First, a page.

The fox now guards the henhouse

The administration, however, is not satisfied with eliminating the surveillance of illicit activities. Its most recent deregulatory aggression fell on “authorizable” deforestation. We are talking about decree no. 10.347, published on May 14th, which, contrary to the expressed provision of the law that regulates the administration of public forests, excluded the technical body of the Ministry for the Environment from the process defining the quantifiable areas to be subject to exploration of forest products. The decree’s legality is being questioned in court, through an actio popularis in Belém.

Based on this decree, the definition and approval of the Annual Forestry Grant Plan (PAOF) becomes an exclusive attribution of the Ministry for Agriculture, Livestock, and Supply (Mapa), whose overriding function is the expansion of the agricultural frontier. To provide a view as to the catastrophic dimension of this measure, PAOF 2020 foresees 7,750 million hectares (29,922 square miles) of federal public forest as subject to concession. This represents an area 50 times the size of the city of São Paulo. This represents an area eight times larger than the clearcut deforestation detected and consolidated by satellite between August 2018 and July 2019, which was the highest in a decade.

To tell the truth, the forestry concessions authorize selective cutting of trees for wood, which, in principle, will theoretically reduce the impact of the above comparisons. However, those who have a little knowledge of the dynamic of the management plans know that the reality is more worrying. Extraction almost always reaches and impacts all the forestry species with some market value and does not obey the cutting cycles. Almost always, these plans are fictitious, serving to cover the looting of wood from indigenous lands and areas of special protection.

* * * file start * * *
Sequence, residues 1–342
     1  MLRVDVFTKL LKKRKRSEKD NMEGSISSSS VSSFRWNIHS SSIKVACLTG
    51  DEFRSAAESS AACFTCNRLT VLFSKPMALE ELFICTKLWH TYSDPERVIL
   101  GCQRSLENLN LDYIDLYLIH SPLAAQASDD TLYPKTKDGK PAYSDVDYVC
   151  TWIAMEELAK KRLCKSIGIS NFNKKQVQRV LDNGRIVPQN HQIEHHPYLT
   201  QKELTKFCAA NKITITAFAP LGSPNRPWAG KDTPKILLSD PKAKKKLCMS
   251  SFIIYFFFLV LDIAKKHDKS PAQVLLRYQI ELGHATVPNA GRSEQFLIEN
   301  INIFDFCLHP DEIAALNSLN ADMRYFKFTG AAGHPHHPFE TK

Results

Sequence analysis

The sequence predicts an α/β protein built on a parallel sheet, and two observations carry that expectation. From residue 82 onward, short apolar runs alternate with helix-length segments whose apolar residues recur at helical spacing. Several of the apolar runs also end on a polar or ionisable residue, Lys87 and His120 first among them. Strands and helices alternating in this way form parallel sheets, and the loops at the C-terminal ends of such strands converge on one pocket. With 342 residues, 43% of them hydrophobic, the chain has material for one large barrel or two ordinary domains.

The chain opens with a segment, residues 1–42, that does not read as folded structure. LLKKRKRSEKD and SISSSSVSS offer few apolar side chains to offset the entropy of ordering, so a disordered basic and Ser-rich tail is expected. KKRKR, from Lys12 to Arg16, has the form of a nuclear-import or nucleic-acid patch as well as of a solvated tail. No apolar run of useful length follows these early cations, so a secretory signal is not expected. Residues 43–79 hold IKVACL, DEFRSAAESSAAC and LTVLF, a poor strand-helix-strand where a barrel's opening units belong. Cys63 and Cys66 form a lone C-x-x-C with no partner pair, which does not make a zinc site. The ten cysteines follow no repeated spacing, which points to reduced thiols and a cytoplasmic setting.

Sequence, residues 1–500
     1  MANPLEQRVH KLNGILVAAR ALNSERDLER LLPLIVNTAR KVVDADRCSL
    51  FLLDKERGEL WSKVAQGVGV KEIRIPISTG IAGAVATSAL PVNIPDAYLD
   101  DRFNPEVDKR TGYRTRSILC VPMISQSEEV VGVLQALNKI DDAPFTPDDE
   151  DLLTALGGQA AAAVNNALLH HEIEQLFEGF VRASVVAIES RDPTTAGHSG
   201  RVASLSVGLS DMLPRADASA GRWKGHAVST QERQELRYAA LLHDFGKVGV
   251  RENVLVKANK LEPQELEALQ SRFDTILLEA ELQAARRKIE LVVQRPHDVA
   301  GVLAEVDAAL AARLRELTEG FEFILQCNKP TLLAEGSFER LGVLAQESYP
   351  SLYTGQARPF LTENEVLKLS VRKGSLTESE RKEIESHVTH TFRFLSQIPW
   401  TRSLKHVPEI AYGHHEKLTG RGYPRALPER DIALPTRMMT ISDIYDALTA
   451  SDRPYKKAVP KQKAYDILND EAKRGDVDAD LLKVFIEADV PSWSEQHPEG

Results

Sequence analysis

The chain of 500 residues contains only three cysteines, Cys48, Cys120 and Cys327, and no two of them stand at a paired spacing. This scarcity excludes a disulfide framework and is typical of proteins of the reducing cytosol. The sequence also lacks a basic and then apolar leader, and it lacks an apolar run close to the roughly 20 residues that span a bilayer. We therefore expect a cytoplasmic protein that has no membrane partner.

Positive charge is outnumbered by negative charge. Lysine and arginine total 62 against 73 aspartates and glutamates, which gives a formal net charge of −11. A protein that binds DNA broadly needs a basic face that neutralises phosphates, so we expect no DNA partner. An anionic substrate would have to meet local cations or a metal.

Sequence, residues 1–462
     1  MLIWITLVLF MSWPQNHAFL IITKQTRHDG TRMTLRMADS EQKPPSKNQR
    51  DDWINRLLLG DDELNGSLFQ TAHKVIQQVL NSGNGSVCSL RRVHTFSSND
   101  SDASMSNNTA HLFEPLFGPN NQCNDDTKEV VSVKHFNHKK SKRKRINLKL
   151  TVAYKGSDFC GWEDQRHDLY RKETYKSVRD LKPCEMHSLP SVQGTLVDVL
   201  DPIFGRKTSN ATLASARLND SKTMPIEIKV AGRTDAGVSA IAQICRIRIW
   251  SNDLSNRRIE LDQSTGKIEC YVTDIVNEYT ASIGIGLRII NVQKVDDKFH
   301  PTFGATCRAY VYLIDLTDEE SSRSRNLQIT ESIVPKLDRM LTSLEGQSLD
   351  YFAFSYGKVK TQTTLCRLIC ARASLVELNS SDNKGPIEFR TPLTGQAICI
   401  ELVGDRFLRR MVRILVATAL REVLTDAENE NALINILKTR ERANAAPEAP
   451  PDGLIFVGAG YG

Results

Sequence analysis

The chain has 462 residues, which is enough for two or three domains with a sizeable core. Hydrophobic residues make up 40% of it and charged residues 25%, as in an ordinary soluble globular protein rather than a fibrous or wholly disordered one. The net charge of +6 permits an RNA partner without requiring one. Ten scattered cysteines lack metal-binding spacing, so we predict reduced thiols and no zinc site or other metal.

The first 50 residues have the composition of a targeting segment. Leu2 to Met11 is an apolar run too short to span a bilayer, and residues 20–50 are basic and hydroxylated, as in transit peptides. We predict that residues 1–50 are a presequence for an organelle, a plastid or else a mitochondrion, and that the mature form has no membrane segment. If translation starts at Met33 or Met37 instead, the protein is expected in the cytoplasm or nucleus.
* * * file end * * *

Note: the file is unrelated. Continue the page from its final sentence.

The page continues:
If all this were not enough, it is fitting to ask why a ministry with the purpose of promoting rural activities that usually demand extensive areas of open ground, such as agriculture and livestock, would want to monopolize the future of public forests, given that, in theory, they will come to be explored through selective cut? In 2020 almost 8 million hectares (30,888 square miles) disappeared. From 2021 onwards, nothing guarantees that this number won’t rise significantly.

The scenario is frightening. The sum total of illicit deforestation breaking successive records, and deforestation authorized by those whose very position demands the opening of new areas is a recipe for catastrophic results.

The Tapajós Environmental Protection Area on fire in Alter do Chão, Pará. Most of the fires in this region are believed to be being set by land speculators. Image by Erik Jennings.

Deforestation degrades and impacts human health

It is crucial to recall that the suppression of the forest retains a direct relationship with the appearance and escalation of pathologies. As Carlos Nobre emphasizes: “The Amazon has the highest quantity of microorganisms in the world. And, we are disturbing the system all the time, with urban populations getting closer, deforestation, and the trade of wild animals.” In this dystopian scenario, the Amazonian man, is, today, in greater danger than the forest itself, given the situation of vulnerabilities, losses and biological disorder.